To me, being a gay man is more than just being sexually attracted to other men. I am queer. I am man who is often feminine. In the words of a friend, another “ex-gay” survivor, it’s a side “that naturally wants to come out unless I control it”. But why control it, suppress it, MANage it? Why not consider the manly role model of the feminine Jesus who snuggled with his buddies, wore perfume, long hair and flowing robes, and most importantly valued intimate and loving relationships above all else,

This post has 8 Comments

  1. Michael Ditto on November 8, 2005 at 7:32 pm Reply

    I resent the whole concept of masculine versus feminine.

    My grandma taught me how to sew. So I fix all my own clothes when they rip or need a new button. And I made this fabulous Roman shade for the bedroom. It really sets off the sponge painting that I also did. Oh, and I cook. Really well. And sometimes I say campy things. Does that make me “fem?”

    But wait… I also work on cars, build things out of wood and steel, have been known to go hunting and fishing, and fart in public. I like going to the auto races, especially the demolition derby and the school bus figure eight, and I cheer whenever there’s a fiery crash. Does that make me “butch?”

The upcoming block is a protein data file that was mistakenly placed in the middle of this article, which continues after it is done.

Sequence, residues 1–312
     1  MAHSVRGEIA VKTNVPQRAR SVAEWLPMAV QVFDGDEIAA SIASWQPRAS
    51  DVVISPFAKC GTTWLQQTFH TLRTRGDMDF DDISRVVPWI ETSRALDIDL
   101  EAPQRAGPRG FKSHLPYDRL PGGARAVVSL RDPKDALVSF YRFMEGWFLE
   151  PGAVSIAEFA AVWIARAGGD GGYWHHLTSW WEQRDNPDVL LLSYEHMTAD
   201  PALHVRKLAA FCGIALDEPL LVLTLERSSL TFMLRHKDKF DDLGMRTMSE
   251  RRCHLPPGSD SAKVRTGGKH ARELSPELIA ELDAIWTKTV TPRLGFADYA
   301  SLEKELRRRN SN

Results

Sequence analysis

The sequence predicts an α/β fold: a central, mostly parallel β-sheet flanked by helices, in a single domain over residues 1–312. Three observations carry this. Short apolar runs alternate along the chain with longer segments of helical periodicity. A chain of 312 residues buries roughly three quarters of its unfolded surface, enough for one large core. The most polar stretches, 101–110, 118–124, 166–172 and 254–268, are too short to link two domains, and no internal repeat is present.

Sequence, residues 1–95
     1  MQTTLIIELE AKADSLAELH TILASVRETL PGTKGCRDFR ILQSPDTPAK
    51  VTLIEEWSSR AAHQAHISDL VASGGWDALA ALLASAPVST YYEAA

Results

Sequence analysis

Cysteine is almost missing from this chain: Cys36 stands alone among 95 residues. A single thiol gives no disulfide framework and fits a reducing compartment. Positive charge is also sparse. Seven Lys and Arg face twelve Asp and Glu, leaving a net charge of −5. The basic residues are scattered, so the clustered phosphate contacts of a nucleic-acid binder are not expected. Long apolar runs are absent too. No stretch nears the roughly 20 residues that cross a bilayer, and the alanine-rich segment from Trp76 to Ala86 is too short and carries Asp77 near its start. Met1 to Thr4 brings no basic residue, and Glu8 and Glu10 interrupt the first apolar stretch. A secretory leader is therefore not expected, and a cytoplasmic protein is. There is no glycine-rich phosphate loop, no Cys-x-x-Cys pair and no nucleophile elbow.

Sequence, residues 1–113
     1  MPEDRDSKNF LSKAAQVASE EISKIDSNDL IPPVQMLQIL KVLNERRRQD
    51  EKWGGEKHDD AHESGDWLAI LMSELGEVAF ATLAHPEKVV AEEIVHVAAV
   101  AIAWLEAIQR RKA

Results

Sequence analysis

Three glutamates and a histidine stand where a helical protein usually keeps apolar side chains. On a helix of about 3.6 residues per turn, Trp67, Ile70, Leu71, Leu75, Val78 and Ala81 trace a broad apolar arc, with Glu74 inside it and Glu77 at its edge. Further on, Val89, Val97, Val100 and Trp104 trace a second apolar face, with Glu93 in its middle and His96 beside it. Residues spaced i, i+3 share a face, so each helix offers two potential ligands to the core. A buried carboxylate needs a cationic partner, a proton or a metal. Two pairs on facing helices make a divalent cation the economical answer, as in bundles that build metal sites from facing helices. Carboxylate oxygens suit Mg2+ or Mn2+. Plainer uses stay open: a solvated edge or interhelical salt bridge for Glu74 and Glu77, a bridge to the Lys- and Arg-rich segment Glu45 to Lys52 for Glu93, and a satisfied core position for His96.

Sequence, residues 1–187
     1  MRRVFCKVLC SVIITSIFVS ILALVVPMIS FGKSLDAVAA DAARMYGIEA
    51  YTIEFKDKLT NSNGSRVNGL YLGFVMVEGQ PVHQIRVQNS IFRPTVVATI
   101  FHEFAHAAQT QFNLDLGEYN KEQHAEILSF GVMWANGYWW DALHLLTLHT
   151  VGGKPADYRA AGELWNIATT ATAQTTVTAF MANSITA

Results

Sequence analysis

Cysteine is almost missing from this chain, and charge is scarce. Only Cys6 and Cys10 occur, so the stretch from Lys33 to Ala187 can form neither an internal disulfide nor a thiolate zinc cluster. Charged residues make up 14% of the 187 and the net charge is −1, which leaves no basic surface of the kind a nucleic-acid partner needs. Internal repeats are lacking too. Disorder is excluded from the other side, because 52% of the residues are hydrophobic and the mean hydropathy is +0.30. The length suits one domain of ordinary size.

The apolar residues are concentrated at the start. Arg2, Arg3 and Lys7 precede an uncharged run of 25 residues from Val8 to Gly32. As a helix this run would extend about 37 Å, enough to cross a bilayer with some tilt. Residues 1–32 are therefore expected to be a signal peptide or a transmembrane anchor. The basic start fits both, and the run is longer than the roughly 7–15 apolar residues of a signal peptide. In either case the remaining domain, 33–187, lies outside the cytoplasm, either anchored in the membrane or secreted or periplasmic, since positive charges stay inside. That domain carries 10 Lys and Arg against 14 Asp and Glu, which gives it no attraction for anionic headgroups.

I don’t mind being labeled as gay, queer, homolicious, homorific, or whatever. But people don’t get to impose gender roles on me. I am my own man, who happens to be a big ol’ gurl. Deal with it.

  2. Scott on November 8, 2005 at 8:24 pm Reply

    So what the title of the LIA lesson:

    “Butch it up Giiirl! 101”???

    Seriously, I straddle the fence when I feel like it.

    My normal demeanor is fairly masculine with a bit of a razor style wit but after an apple martini or two sometimes you just have to queen the heck out.

    I can’t help it if hearing “Gloria” by Laura Brannigan turns me into a cross between Nell Carter and Betty Buckley.

    Sometimes a queen is just a queen.

  3. Ann on November 9, 2005 at 12:35 am Reply

    Imagine, as a woman, seeing that manual for the first time!